Epitope Mapping

Identiflcation of Antibody- Binding Sites on Protein Antigens
  • Glenn E. Morris
Part of the Springer Protocols Handbooks book series (SPH)


An epitope can be simply defined as that part of an antigen involved in its recogmtion by an antibody In the case of protein antigens, an epitope would consist of a group of mdlvidual ammo-acid side-chains close together on the protein surface Epitope mapping, then, becomes the process of locating the epitope, or identifying the mdividual ammo-acids mvolved Apart from its mtrmsic value for understanding protein structure-function relationships, it also has a practical value in generating antibody probes of defined specificity as research tools and in helping to define the immune response to pathogenic proteins and organisms Some authors have even extended the epitope concept to the mteraction between peptide hormones and then receptors (1), not every immunologist would be happy about this, but it does make the point that in mapping epitopes, we are studying a biological process of fundamental importance, that of protein-protein mteraction Epitope mapping is usually done with monoclonal antibodies (MAbs), though it can be done with polyclonal antisera in a rather less rigorous way, bearing in mind that antisera behave as mixtures of MAbs. Mapping can be done directly by X-ray crystallography of antibody-antigen complexes, but it can also be done by changing individual ammo-acids, by using antigen fragments and synthetic peptides or by competition methods in which two or more antibodies compete for the same, or adjacent, epitopes. The term “epitope mapping” has also been used to describe the attempt to determine all the major sites on a protein surface that can elicit an antibody response, at the end of which one might claim to have produced an “epitope map” of the protein mununogen (2) This mformatron might be very useful, for example, to someone wishing to produce antiviral vaccines. However, there is a limit to how far one can go down this road, because the map obtained may be influenced by how MAbs are selected and by the mapping method used Furthermore, the more strictly correct definmon of epltope mapping is based on antigenicity (the ability to recognize a specific antibody).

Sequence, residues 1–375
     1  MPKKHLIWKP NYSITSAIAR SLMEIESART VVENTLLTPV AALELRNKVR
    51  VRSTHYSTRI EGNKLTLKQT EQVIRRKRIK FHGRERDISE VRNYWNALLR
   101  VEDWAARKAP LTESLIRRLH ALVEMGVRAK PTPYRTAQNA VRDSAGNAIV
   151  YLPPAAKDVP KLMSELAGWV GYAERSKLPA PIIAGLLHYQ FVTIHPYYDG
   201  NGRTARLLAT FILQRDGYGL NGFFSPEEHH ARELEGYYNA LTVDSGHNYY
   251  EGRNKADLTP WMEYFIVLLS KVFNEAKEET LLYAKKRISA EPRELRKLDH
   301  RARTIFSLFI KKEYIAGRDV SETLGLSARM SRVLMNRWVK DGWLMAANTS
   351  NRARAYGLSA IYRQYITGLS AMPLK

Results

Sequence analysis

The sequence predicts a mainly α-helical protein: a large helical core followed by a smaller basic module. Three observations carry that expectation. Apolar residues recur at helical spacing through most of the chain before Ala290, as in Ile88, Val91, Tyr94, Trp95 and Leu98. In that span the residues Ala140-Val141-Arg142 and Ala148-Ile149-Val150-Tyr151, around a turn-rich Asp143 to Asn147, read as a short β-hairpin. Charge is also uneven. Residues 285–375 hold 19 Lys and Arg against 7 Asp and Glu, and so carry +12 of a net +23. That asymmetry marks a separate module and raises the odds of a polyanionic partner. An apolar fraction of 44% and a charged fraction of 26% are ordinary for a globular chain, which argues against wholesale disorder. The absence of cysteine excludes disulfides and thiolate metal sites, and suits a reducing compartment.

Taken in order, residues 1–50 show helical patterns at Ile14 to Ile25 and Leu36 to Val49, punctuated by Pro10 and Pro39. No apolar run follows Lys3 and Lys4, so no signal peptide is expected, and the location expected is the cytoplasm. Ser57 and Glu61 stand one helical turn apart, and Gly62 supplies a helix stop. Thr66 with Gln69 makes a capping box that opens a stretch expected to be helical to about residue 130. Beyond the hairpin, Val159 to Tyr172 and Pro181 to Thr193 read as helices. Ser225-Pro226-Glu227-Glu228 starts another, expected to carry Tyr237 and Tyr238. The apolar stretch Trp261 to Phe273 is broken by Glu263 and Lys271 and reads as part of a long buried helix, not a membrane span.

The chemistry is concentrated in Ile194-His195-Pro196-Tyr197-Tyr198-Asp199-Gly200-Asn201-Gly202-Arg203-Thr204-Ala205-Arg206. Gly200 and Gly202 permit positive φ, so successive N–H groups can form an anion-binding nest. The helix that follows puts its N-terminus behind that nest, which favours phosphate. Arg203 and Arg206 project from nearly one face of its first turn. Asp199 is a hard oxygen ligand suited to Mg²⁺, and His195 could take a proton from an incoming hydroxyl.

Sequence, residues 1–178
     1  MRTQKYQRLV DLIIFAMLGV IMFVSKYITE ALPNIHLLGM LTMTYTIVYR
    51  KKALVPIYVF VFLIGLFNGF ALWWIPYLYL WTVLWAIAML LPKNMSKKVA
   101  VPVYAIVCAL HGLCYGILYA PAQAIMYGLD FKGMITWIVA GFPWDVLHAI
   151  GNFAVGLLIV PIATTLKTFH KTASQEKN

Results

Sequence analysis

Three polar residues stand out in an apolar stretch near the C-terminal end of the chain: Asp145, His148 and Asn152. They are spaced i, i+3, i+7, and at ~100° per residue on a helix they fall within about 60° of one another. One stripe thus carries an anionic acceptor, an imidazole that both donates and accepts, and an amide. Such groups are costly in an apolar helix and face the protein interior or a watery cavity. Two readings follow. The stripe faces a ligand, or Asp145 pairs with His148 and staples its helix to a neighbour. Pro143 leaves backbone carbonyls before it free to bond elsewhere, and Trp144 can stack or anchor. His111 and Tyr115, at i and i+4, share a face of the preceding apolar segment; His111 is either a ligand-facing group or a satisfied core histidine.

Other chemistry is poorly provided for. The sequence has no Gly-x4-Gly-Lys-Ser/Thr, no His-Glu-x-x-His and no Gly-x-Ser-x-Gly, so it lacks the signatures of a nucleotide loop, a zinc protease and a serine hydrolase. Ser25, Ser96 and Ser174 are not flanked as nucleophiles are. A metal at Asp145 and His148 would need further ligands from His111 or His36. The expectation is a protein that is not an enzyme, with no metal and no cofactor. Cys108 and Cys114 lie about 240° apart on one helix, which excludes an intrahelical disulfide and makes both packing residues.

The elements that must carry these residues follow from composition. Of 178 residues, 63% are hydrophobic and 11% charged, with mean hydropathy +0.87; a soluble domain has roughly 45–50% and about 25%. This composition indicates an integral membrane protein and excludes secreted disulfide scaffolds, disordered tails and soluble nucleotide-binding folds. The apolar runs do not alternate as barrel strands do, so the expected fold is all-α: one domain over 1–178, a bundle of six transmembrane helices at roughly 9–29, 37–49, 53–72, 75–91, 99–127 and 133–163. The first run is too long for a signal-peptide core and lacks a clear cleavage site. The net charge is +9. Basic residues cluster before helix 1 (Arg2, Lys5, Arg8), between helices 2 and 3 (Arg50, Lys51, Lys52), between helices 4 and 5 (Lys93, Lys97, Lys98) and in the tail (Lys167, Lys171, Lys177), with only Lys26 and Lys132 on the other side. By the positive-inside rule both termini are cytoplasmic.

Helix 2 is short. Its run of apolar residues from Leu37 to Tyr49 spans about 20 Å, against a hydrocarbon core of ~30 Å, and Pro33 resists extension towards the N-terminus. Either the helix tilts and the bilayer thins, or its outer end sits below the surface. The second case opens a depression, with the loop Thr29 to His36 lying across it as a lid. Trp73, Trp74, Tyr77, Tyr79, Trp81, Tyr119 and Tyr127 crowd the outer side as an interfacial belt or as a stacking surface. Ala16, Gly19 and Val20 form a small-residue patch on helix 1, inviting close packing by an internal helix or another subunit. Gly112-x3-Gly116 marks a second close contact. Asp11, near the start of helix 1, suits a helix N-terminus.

Nuclear Magnetic Resonance Native Protein Epitope Mapping Antigen Fragment Recombinant cDNA 
These keywords were added by machine and not by the authors. This process is experimental and the keywords may be updated as the learning algorithm improves.


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Copyright information

© Humana Press Inc , Totowa, NJ. 1998

Authors and Affiliations

  • Glenn E. Morris
    • 1
  1. 1.MRICN E Wales InstituteUK

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